ee-da-le-hong-kong

If you haven’t heard of Harlan Goldstein, you must have been walking around wearing a blindfold and ear plugs. After a short break from the dining scene, this larger-than-life New Yorker, who claims to be “Hong Kong’s number one celebrity chef” is back and this time he’s making an even bigger splash than usual.

Most restaurateurs are content with opening one restaurant at a time; not Harlan. Not even two, or three restaurants are enough for this guy, who has decided to open four restaurants, all within a month of each other, taking over six floors of 8 Lyndhurst Terrace. The first of these openings is Ee Da Le, which we visited last week.

I mentioned to a colleague that I was going to Ee Da Le and he did a double take, looked at me in amazement and asked, “did you just speak Cantonese?” Actually I did, as Ee Da Le is the Cantonese pronunciation of Italy. True to its name, the restaurant serves rustic Italian cuisine in a comfortable setting. The tables and floor are made up of bright, patterned Mediterranean-style tiles, whilst above the tables hang huge lampshades inspired by opera skirts. It was just a pity that the music, which included hits by Justin Bieber, didn’t quite match. Don’t get me wrong, there’s a time and a place for Bieber, but Ee Da Le is not it!

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Whilst sipping on a ‘Venetian Spritz’ (or just an Aperol Spritz – call a spade a spade), we tucked in to a plate of cured meats (we chose salami feline and porchetta), and a trio of bruschetta. The cold cuts were fantastic, particularly the porchetta, which melted in the mouth and paired nicely with the tomato crostini.

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Of the three bruschettas – tomato, ricotta and chicken liver – I don’t think I could pick a winner. Each had its own unique flavours and generous toppings, so I’d recommend trying all three.

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I was a little confused by the wholegrain mustard that sat atop the burrata, as I didn’t think it was particularly necessary. The creamy, fresh mozzarella, paired with the heirloom tomatoes, fresh basil and aged balsamic, was delicious enough on its own and the mustard was a bit overpowering.

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The char-grilled octopus, served on a bed of puréed potato with olives and slivers of soppressata was excellent. The octopus was cooked to a perfect bounce and contrasted nicely with the spicy sausage. I think this dish could have done without the baby gem lettuce, however, which seemed out of place here.

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For me, the words “rustic” and “Italian” are synonymous with meatballs. Harlan’s Mama’s Meatballs, made with veal, beef and pork sausage were the real deal – so tender and so flavoursome. It may be because my mother has always banned the word “gravy” from our house (“it’s not gravy, it’s jus”), but the menu’s description of “Sunday gravy” didn’t do this rich tomato sauce justice.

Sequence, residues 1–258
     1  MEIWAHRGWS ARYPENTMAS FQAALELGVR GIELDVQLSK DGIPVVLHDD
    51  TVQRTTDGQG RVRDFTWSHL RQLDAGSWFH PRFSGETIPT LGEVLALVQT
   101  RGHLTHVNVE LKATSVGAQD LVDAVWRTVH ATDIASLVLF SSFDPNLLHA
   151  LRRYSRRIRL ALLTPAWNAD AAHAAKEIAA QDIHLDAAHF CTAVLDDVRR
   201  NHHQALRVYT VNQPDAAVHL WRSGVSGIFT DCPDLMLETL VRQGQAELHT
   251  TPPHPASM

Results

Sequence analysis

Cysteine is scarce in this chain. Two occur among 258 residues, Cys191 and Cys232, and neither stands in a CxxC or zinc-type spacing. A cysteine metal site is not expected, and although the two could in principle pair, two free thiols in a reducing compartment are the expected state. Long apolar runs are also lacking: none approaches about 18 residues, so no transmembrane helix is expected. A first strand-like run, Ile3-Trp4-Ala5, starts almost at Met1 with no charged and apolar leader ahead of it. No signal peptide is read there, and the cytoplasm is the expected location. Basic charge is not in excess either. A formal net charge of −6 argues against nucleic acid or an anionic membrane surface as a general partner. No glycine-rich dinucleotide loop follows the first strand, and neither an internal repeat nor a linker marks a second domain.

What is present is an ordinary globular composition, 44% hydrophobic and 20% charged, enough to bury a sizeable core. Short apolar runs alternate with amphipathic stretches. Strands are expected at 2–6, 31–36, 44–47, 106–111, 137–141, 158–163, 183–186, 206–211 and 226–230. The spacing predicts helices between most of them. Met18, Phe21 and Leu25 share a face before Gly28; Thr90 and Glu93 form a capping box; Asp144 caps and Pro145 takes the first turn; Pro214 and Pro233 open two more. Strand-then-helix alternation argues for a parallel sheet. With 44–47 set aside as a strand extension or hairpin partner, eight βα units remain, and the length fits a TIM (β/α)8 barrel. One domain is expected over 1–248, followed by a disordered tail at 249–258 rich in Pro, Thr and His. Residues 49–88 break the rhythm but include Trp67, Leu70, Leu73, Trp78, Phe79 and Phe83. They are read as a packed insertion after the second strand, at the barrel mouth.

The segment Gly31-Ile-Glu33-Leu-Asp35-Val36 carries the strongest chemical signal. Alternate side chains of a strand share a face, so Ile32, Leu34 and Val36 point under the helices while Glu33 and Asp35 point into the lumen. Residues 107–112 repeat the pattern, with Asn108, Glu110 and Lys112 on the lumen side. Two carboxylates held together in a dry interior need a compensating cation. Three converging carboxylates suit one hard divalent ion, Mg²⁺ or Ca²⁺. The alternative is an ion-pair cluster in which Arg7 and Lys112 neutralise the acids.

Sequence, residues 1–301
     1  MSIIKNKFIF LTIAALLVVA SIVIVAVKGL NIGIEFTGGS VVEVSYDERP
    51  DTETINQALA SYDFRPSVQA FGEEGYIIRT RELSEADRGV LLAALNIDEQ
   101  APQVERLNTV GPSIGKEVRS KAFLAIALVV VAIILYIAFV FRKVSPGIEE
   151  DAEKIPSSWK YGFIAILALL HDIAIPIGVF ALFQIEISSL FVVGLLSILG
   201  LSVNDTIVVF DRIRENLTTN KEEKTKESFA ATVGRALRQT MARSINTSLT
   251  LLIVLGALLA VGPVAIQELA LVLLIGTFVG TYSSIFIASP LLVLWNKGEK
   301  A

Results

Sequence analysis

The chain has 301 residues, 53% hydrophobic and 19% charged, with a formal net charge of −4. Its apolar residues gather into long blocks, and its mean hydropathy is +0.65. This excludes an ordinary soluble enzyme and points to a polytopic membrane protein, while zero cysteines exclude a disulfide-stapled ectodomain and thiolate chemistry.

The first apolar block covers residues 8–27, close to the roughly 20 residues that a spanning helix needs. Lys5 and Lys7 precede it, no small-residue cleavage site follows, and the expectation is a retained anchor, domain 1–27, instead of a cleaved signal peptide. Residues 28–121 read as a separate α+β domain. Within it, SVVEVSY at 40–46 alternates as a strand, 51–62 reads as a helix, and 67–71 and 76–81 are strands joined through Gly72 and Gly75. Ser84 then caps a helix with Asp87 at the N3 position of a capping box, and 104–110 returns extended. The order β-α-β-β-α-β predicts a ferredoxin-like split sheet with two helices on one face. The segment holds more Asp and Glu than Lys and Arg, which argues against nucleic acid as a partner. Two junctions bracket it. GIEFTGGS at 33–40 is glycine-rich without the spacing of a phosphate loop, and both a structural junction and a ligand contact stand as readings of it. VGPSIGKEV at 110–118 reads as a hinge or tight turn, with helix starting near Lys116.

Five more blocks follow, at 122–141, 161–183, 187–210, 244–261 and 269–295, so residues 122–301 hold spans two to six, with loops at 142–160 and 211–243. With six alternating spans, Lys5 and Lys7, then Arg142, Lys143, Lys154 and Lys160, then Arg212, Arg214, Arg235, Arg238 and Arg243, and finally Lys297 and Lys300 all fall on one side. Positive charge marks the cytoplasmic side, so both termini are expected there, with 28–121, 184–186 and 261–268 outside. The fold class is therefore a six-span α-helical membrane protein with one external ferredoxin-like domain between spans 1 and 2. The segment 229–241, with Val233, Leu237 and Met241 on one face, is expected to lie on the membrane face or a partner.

ee-da-le-hong-kongI adored the fritto di mare, a bowl of baby squid and shrimps deep-fried to a perfect crisp. Alone, or dipped into the garlicky chilli sauce, these were divine.

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When the cannelloni arrived, we were all a little disappointed by the size of it (for $238 we expected it to be bigger). We then tasted it, and were even more disappointed that there wasn’t more to go around, as this was comfort food at its absolute best! Stuffed with chopped beef and smothered in a rich porcini mushroom, foie gras and black truffle sauce, these homemade pasta tubes were utter decadence.

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Last of the savoury dishes, came the veal Milanese, a gigantic slab of tender, juicy veal, housed in crisp, moreish breadcrumbs, that was almost as good as my mother-in-law’s!

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Having honeymooned in Sicily and eaten molti, molti cannoli (who says you can’t have cannoli for breakfast?!), we were excited to see that the dessert menu listed My Cannoli. Although it was tasty enough, and the pistachio ice cream a real highlight, this was not a patch on real Sicilian cannoli and the whole thing was a little too sweet for my liking.

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If a tiramisu and a banoffee pie had babies, the product would be Ee Da Le’s tiramisu. Forget all the criteria of a true tiramisu for a second. Made with chopped banana, mascarpone, salted caramel and a coffee cookie, topped with amaretto nitrogen, this dessert was so far from a traditional tiramisu and yet so, so delicious.

The bill for five of us, including a total of two cocktails and two beers, came to over $500 a head. It’s certainly cheaper than Harlan’s former restaurants, but I’d imagine if you start adding bottles of wine, it would easily start getting silly. It’s great to see Harlan back in the dining scene and I am excited to see what his other three new restaurants have in store!

Ee Da Le

3/F, 8 Lyndhurst Terrace
Central
Hong Kong

Tel: +852 2896 1838

www.eedale.hk

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